The next year, Queen took a break from the recording studio, instead offering fans the two-LP concert set, <i>Live Killers</i> (1979-Elektra). For the most part, this is a greatest-hits-played-live affair, presenting the group's biggest singles and best-known album tracks. Perhaps most interesting here is song one, a sped-up and riff-heavy version of "We Will Rock You." After 78 minutes of rocking out to Queen's best songs, the group conclude the set with a more conventional reading of the anthemic "We Will Rock You" and its companion piece, "We Are the Champions." The sound throughout is a bit muddled, but the band's live prowess still shines through. Predictably, critics offered faint praise. <i>Live Killers</i> hit #3 on the British charts and a respectable #16 in America.
At the beginning of Queen's second decade, they got back to issuing studio albums with <i>The Game</i> (1980-Elektra). The record is lean and highly accessible, with straightforward rockers like May's "Dragon Attack" and Taylor's "Coming Soon," the catchy pop/rock of "Need Your Loving Tonight," and the Elvis Presley-like "Crazy Little Thing Called Love," which could've come out of Sun Studios circa 1955. The album also contains the sinister, bass-grooving "Another One Bites the Dust," which became the band's second US chart-topper and a #7 hit in the UK. <i>The Game</i> reached the #1 spot in seven countries, including America and England. It also received the best reviews for a new Queen album since <i>A Night at the Opera</i>.
The next year, Queen's standing would change on a dime. The band signed on to record <i>Flash Gordon</i>, the rock soundtrack to the film of the same name. The movie tanked, and Queen's album was an artistic mess. The band make heavy use of synthesizers, which they'd only just begun dabbling with on their previous album. The results are uneven and often ham-handed. Also, snippets of dialogue from the film interrupt any halfway enjoyable mood the band manage to conjure. Critical reaction to the album was mixed, and fans were relatively restrained, as <i>Flash Gordon</i> peaked at only #10 in the UK and #23 in the US. "Flash," a rearranged version of the record's opening track, peaked at #10 in England and stalled just outside the US Top 40. That same year, Queen teamed with David Bowie for the one-off single "Under Pressure," a wide-open and soaring beauty that hit the Top of the Pops in England and #11 in America. This track was included on the band's <i>Greatest Hits</i> (1981-Elektra), which provides a perfect encapsulation of Queen's finest moments from the first stage of their recording career.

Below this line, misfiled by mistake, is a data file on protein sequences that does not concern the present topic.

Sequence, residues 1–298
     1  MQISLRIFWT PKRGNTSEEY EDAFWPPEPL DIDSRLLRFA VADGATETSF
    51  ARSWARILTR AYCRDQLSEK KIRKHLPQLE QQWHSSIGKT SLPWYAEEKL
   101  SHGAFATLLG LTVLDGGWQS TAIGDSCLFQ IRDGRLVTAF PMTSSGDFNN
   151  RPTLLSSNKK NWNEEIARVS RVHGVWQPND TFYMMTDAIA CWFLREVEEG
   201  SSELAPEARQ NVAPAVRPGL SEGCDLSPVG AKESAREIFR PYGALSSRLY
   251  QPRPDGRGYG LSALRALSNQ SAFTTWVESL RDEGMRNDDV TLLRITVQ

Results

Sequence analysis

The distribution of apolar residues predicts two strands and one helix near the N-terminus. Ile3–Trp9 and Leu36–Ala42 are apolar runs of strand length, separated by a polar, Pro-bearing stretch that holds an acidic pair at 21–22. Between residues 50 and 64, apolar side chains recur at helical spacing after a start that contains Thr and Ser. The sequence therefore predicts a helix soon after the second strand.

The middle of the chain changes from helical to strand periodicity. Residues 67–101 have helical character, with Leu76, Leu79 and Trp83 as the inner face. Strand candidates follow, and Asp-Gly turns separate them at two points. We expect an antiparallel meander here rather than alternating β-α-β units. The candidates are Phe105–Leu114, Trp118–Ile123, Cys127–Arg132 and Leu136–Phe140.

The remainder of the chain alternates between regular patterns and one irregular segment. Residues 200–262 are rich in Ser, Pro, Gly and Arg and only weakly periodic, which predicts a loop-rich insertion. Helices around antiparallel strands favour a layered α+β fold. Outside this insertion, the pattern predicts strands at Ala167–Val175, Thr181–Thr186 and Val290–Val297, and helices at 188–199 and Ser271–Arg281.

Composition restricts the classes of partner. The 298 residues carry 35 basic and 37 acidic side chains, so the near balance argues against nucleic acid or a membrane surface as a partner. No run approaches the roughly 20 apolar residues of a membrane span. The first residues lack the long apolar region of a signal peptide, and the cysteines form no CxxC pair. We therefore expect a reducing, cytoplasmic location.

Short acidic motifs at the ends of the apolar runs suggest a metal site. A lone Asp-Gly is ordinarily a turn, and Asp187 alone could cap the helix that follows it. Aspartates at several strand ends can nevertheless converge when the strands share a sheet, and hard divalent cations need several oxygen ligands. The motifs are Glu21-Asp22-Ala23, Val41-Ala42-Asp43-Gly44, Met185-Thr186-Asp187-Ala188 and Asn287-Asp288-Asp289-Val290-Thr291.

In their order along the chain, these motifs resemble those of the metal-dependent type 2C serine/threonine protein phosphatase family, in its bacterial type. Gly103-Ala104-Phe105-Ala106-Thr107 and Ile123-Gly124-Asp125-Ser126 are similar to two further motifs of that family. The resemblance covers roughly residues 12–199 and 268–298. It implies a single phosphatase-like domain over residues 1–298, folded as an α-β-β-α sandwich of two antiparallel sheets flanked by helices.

The following year, Queen got back to releasing regular studio albums with <i>Hot Space</i> (1982-Elektra). The worst of what the early 1980s represented crept into the band's music on this album, their artistic nadir: bland synth washes, sterile drums, canned guitar sounds, and precious little of the bravado and dynamics that made Queen great. Reviews were mediocre, but the band's backload of good will – plus the tacking on of "Under Pressure" to the album's end – took <i>Hot Space</i> to #4 in the UK, but to only #22 in America.
In 1983, the members of Queen took a break from the band, resulting in the first year in their history without a new release. They returned the following year, however, with <i>The Works</i> (1984-Elektra). Airy, synth-pop opener "Radio Ga-Ga" largely follows the template set by <i>Hot Space</i>, but is markedly better and well deserving of its international chart success. The song went Top 10 in 15 countries, hitting #2 in the UK and #16 in America. On second track "Tear It Up," Queen proved they weren't finished with the hard rock that established their career. From there on, the band bounce from one style to another (including honky-tonk, on "Man on the Prowl"), just as they've always done. A marked improvement from its predecessor, <i>The Works</i> received favorable reviews and performed well on the charts worldwide. Though it reached only #23 in the US, it peaked at #2 in England and #1 in three other nations. The LP also produced two more UK Top 10 singles, "I Want to Break Free" and "It's a Hard Life."